Girlpool and transitioning: "Before the World Was Big"
Cleo Tucker—of Indie/Folk-Grunge outfit Girlpool—recently transitioned to a trans-man, creating an interesting new dichotomy for their music.
This is exciting news with the upcoming release of their third album, "What Chaos is Imaginary", in February. If the elegant, sweeping single—"Where You Sink"—is anything to go by, it will hopefully bring together the delicate melodies of the first record and the upgraded, electric set-up of the second.
Tucker's transition is significant because Girlpool's earlier work is characterised by the duo of Tucker and Harmony Tividad's sweet, falsetto harmonies gliding over DIY, folky guitar riffs. However, Tucker's register as a trans-man is lower now, and one wonders what this will mean for their sound.
Anticipating the album made me nostalgic for their first record—"Before the World Was Big." An album that is, without a doubt, one of my favourites of all time. And, by its very nature, an album that they couldn't make today. It's an album that I don't think gets enough credit for providing something different than what we'd come to expect from guitar music.
From the start of the album, the paralysingly simple riff of "Ideal World" conjures up pleasant phantoms of adolescence, perfectly capturing the essence of youthful idealism. Tividad and Tucker were apparently still in High School at the time, and it shows through in the best way. The authenticity of their sound can be heard in the title track, “Before the World Was Big,” which is so simple as to seem almost discordant. The opening wind-chime effect and the blunt, playful riff becomes a cooing. The listener feels like a child in daycare. As its title suggests, there is an Eden-like sense of life as 'yet to come.'
Tucker and Tividad formed Girlpool when they were still in High School.
The music is guitar and bass-driven, which leaves room to create delightful soundscapes from the band's charming, high-pitched vocals. There’s a lo-fi simplicity paired with unpretentious wonder that you don't often see in the indie scene. For me, the high-point is the fifth track—"Cherry Picking"—which rises from a muted riff to a sweeping choral refrain. In this, the lyrics are, for me, at their most cryptic and succinct—"yes I am picking cherries, I have a hard time staying clean"—and also their most pretty.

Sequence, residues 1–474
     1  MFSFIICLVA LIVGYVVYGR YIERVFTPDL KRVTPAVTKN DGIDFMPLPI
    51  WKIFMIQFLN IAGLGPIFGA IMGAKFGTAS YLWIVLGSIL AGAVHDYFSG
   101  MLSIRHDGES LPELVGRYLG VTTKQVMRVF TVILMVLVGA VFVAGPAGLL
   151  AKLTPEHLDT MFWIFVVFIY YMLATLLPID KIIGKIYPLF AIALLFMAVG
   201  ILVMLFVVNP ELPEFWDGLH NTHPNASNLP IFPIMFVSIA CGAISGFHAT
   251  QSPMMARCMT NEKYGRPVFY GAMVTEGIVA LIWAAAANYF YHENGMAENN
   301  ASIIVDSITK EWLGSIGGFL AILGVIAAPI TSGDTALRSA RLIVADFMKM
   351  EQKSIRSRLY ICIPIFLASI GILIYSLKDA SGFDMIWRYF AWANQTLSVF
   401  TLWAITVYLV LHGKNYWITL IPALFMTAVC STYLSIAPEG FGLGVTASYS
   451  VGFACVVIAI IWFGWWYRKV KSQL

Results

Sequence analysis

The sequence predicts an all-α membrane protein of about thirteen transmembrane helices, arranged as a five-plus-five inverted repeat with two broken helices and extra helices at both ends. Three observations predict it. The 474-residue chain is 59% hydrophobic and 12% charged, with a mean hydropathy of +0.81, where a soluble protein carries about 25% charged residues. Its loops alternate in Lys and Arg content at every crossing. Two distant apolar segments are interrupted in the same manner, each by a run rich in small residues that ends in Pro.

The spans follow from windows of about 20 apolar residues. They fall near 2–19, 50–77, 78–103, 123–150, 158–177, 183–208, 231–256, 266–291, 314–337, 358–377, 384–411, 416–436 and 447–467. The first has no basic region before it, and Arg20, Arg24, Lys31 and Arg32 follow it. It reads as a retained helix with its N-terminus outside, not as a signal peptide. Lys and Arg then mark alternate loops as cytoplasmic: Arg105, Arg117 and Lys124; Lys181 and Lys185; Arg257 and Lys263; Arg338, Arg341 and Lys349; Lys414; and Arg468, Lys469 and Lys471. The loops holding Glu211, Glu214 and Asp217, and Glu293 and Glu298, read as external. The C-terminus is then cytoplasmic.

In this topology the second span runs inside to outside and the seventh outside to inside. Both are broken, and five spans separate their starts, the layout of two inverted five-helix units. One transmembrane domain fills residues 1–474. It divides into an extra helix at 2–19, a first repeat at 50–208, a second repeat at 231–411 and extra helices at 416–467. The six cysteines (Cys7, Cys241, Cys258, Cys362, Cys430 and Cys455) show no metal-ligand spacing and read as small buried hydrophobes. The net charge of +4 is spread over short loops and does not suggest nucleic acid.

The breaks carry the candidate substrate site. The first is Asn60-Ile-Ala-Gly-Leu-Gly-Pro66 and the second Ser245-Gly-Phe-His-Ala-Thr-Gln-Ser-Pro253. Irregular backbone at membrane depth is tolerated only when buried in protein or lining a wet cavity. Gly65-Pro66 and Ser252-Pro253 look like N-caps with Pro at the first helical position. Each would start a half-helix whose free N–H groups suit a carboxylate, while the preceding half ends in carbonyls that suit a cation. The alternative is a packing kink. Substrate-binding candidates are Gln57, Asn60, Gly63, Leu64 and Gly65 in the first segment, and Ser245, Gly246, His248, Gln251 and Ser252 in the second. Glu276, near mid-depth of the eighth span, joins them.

The album, however great, is not without flaws. "Magnifying Glass"—the bombastic interlude between album highlights "Cherry Picking" and "Crowded Stranger"—is superfluous at best, and slightly jarring at worst. Lead single, “Chinatown,” has also always felt more boring to me than cute compared to the rest of the album. Because of this, it’s not a masterpiece. But, the reason I still love it years later is not a collection of songs, nor, exactly, a musical style. It's a palpable feeling.
The final track, "I Like That You Can See It", reads almost like a mission statement for the album. "Is it pouring out my body? My nervous aching. I like that you can see it,”—summing up the openness and vulnerability of their gentle approach to life on the record. Arguing that wearing one's heart on one’s sleeve is admirable. And empowering.
"Before the World Was Big" will always be an important album for me. I can listen to it and instantly feel eighteen again. Because of the concrete feeling of two high-school kids jamming in a bedroom, I maintain that the album could not be recreated today without great effort. And why, indeed, would they want to?
The fact that Cleo, as a trans-man, can no longer hit the notes of parts of earlier work even further reflects this. It seems to expand in-metaphor on the album's subject matter: you're only eighteen once. Cleo's transition and new vocal range, add a fresh layer to a singularly individual band that I've been following for years. I will continue to follow them and, frankly, I can't wait to hear what comes next.